Selmer Bringsjord + Naveen Sundar G
To Inﬁnity and Beyond!
Computing machines are getting smarter, attempting to reach levels of human-like intelligence. But even with the recent exploits of artificial intelligence systems like Jeopardy! champion Watson, these accomplishments can’t compare to the complexities of the human mind.
Rensselaer professor Selmer Bringsjord and PhD student Naveen Sundar G. boldly go where no machine has gone before, or ever will. In their discussion, they will visit number lines that start with quantities larger than any finite number; sequences that grow faster than the speed of light; and reasoning, powered by infinitely long proofs, which allow us to surmount Gödel’s famous negative theorems about the incompleteness of mathematics.
Along the way, Bringsjord and Sundar explain that the infinite, when accessed by humans, calls into question three historic claims: that all of mathematical cognition is reducible to simple problem-solving carried out by dogs and monkeys (Darwin); that mathematics is just a humdrum human construction rooted in bodily motion and metaphor (Lakoff); and that artificial intelligence will soon explode beyond human intelligence in an event venerated as “the singularity” (Kurzweil).
Everyone is welcome. No special background or knowledge is needed; simply bring something machines don’t have: imagination.
This research was made possible by a generous grant from the John Templeton Foundation.
The Detail View series provides a platform for Rensselaer professors and researchers to share in-depth perspectives on their fields of inquiry. Inviting an exchange of ideas on campus and providing a window into a singular vision, these events are geared toward experts and non-experts alike.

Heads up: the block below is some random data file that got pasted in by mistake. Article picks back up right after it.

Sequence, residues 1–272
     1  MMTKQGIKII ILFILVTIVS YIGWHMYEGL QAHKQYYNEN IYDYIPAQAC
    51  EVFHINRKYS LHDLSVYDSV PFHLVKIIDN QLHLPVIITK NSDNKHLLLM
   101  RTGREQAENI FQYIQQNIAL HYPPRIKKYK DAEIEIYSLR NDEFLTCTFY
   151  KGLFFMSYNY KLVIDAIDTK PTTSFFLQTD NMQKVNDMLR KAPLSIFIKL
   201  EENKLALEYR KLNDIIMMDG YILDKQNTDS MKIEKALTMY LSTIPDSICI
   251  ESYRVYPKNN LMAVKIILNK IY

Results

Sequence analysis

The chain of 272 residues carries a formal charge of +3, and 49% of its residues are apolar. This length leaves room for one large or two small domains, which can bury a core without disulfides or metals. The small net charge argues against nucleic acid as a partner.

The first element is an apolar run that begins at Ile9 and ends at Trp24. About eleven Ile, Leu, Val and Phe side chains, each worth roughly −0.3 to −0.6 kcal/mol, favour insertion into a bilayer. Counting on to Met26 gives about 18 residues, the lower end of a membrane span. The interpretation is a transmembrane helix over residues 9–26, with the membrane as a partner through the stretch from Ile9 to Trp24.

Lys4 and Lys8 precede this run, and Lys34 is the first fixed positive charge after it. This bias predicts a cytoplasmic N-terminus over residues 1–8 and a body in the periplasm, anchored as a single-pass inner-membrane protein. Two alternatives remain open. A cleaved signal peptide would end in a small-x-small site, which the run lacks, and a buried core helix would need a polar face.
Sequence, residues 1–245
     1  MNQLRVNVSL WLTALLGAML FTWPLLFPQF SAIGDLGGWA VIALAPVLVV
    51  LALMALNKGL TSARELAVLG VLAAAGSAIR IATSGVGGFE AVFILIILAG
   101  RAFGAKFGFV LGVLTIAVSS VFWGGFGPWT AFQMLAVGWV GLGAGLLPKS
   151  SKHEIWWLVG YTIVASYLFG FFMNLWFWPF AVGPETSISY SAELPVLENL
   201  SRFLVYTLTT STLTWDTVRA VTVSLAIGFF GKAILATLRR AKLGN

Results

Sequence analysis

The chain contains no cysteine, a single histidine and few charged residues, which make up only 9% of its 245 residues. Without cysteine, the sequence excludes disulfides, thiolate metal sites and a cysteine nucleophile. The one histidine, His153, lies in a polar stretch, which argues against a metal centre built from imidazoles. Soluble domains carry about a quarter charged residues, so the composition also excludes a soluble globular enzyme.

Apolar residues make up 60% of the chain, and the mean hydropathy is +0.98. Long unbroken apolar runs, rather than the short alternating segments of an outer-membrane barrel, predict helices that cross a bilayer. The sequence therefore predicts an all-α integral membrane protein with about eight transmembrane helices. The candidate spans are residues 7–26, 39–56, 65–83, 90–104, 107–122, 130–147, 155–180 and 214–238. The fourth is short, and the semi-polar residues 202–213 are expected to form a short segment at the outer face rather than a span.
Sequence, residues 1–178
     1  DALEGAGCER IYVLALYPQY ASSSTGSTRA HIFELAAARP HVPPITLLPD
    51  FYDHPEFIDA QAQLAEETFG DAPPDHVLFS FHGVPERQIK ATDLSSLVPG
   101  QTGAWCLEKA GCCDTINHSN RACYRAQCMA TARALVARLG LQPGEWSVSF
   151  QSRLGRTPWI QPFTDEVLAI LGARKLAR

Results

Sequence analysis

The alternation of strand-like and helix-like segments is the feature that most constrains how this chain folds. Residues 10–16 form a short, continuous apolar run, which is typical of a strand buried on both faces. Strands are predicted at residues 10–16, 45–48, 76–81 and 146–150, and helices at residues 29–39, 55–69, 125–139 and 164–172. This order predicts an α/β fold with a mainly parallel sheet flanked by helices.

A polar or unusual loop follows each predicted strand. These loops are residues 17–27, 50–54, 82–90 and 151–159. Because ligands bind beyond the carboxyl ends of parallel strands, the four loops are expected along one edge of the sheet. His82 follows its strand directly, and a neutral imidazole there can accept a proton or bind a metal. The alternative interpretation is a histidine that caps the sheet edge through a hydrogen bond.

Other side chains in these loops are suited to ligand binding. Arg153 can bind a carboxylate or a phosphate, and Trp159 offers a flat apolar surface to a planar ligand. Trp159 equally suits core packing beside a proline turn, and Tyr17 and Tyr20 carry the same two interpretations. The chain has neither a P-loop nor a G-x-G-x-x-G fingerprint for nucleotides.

Selmer Bringsjord specializes in the logico-mathematical and philosophical foundations of artiﬁcial intelligence (AI) and cognitive science, and in collaboratively building AI systems on the basis of computational logic. Though he spends considerable “engineering” time in pursuit of ever-smarter computing machines, his “armchair” reasoning time has enabled him to deduce that the human mind will forever be superior to such machines.
Bringsjord received a bachelor’s degree from the University of Pennsylvania, and a PhD from Brown University, where he studied under Roderick Chisholm. He is a long-time faculty member at Rensselaer Polytechnic Institute (RPI), and currently holds appointments in the Department of Cognitive Science, the Department of Computer Science, and the Lally School of Management & Technology. He teaches AI, formal logic, human and machine reasoning, philosophy of AI, other topics relating to formal logic, and the intellectual history of New York City and the Hudson Valley.
Dr. Bringsjord is the author of many books, papers, and essays ranging from the mathematical to the informal, and covering such areas as AI, logic, gaming, philosophy of mind, philosophy of religion, robotics, and ethics—and he has of late begun to move into the area of computational economics, for which he has invented a new paradigm based (unsurprisingly) on formal logic.
Naveen Sundar G. is an International Fulbright Science and Technology scholar pursuing his PhD in computer science at Rensselaer Polytechnic Institute in the Rensselaer Artificial Intelligence and Reasoning Laboratory (RAIR Lab). His research focuses on formal computer science and AI. Sundar G.’s research in syntax and consciousness continues work in building cognitively robust synthetic characters at the RAIR Lab through formal modeling of self-consciousness in synthetic characters and the building of characters that are able to pass the mirror test for self-consciousness. His PhD research overlaps with a project funded by the Templeton Foundation entitled Toward a Markedly Better Geography of Minds, Machines, and Math. The objective of this project is to study and advance the mathematical frontiers of AI research, and revolves around using general-purpose reasoning via formal logic to model areas ranging from cognition and language to automated verification in science and engineering. The latter has produced the first un-computable game, the Robot Devolution game, which can enable crowd-sourced solving of truly difficult problems.
Sundar G. holds a dual degree in physics and electronics from BITS-Pilani. His prior experience includes research at Hewlett Packard Labs, the Tata Institute of Fundamental Research, and the Indian Space Research Organization.